Gerard baker has a piece in the FT which is turning my hair whiter than it already is. His argument: the whole notion of a dollar policy is a piece of fiction. (And the notion of monetary policy too, I imagine, because all the same arguments could be made about the powerless of Greenspan and co to set interest rates long term, but that doesn't prevent them trying to have a monetary policy).
It is not just that the formal ending of the strong dollar policy had been prefigured by a succession of clumsy attempts at clarification by Mr Snow and Paul O'Neill, his policymaking Doppelgaenger. It is that the whole notion of a dollar policy is a piece of fiction that should have been abandoned years ago. Policymakers can set interest rates, tax rates and public spending levels. They can no more set the price of a nation's currency than they can set the price of an apple or a company's stock.... Before Mr Snow spoke, the dollar had been falling for two years - by more than 25 per cent against the euro, somewhat less against other currencies - because it was bound to.... And it will surely fall further. Mr Snow and his colleagues for once deserve some credit for belatedly simply trying to get out of its way.
Source: Financial Times
Brad buys this in part, but can see problems.
Now I'm afraid I don't agree with Brad here. There are not only two possible alternatives (fixed or free-floating: see eg my brother . A dollar policy is possible, indeed my argument is that this is what we have. In the world of policy by 'expectations' even the treasury secretary blowing his nose is part of policy. The present policy is being used by the US to try and force Europe and Japan to mend their ways at gunpoint. (But since the analysis of the problem is wrong, forgive me if I beg to doubt the efficacy of the remedy). This is the real result of the Iraq war, no cooperation, no consensus, and we'll see what happens next. But the euro won't hold this value, ie this is NOT a reflection of a market valuation, but the result of expectations being 'steered'.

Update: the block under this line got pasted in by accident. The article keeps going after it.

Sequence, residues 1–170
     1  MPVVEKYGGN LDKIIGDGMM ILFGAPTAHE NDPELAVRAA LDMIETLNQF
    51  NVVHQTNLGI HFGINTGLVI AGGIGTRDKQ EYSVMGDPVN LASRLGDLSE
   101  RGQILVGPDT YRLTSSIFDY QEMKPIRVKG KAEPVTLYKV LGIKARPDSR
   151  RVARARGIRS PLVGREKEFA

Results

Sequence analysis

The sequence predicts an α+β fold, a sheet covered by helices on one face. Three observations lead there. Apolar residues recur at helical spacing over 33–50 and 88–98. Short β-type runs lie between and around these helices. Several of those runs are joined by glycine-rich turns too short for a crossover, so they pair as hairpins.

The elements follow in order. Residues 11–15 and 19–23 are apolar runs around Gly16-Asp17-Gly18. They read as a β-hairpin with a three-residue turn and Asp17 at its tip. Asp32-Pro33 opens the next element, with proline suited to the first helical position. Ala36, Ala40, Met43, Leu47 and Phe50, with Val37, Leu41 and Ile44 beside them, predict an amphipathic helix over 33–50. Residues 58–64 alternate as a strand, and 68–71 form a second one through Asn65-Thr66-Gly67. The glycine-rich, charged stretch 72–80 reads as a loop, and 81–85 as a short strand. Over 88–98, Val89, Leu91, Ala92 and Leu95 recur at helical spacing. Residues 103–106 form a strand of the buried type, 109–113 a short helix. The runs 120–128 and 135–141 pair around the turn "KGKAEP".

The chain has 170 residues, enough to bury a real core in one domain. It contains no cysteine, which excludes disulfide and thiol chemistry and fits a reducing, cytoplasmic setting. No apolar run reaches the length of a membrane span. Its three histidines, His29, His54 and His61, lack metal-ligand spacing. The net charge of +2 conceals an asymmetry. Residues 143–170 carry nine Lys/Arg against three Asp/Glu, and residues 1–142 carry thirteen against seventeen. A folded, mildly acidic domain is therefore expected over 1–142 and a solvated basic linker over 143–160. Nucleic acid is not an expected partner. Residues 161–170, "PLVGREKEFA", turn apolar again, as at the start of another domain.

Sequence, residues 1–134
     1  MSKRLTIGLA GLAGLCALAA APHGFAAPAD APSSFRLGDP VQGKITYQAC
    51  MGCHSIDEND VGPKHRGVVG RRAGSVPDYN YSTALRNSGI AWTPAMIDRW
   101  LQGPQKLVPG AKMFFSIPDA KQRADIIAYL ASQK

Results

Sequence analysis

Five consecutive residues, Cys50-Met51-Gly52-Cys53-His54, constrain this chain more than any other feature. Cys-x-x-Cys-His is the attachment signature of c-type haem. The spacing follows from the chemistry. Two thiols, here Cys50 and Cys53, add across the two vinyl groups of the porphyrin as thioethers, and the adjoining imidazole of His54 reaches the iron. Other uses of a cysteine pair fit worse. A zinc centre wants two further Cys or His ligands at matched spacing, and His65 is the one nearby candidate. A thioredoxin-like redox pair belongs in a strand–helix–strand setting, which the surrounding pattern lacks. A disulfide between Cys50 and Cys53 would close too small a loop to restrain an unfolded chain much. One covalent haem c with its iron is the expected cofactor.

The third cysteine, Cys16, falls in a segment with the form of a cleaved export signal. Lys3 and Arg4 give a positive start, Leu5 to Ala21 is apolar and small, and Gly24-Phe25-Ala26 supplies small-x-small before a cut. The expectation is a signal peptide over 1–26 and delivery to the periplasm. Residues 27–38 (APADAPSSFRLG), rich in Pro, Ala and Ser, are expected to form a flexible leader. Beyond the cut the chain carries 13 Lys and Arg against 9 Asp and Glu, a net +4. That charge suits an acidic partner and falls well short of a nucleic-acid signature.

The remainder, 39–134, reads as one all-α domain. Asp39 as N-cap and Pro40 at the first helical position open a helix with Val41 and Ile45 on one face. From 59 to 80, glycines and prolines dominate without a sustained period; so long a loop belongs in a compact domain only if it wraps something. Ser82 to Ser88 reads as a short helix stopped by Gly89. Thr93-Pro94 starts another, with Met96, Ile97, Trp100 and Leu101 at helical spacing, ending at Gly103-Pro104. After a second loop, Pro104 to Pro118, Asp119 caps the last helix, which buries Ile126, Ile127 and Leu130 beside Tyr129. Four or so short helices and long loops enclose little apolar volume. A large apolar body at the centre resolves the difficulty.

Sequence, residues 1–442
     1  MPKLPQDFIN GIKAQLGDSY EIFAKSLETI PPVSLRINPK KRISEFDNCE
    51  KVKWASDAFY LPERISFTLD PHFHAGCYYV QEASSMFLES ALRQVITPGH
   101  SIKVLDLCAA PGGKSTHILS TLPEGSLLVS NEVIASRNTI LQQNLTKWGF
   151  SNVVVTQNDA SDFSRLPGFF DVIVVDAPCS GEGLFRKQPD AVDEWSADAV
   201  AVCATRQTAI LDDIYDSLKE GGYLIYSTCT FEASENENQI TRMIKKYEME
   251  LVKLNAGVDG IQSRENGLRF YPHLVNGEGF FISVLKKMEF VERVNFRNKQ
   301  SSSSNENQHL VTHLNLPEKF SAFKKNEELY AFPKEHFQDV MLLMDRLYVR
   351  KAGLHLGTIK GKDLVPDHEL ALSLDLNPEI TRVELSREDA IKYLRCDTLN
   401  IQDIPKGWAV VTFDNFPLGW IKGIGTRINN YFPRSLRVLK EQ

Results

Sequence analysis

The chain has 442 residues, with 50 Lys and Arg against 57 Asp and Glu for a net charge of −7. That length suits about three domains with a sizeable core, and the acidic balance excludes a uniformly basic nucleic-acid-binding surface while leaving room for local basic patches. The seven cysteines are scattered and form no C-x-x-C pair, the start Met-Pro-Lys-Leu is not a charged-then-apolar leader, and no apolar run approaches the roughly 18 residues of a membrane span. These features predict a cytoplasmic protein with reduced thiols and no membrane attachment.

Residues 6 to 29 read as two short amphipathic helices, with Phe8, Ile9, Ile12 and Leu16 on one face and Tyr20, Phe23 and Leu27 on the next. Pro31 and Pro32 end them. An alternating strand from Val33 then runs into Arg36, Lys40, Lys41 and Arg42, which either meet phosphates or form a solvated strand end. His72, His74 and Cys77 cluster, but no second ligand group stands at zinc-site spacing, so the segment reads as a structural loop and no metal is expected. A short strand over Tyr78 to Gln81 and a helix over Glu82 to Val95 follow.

Gerard Baker is largely right, but I see two problems with his analysis:
1/. You can fix the price of your currency--if you have the enthusiastic cooperation of your central bank and the government's budget masters. It's called a fixed exchange rate system. You can do it. You just don't want to: exchange-rate stability is not worth what you have to sacrifice to get it.
2/. This is not an argument a U.S. Treasury Secretary can win--given the mapping that foreign exchange traders believe holds between his statements and U.S. government policy--and it is a costly argument for a U.S. Treasury Secretary to try to make. This is one that you make your underlings wage with the press, on background.
Source: Semi Daily Journal
Movements of this violence in currency markets cannot be good for business. Why make a low return investment in a world of xcess capacity when you can turn 20% this year buying euro-bonds, and maybe another 20% next year buying US treasuries on the ride back up. In theory governments exist to prevent this type of thing, but I know, I am a lone voice here......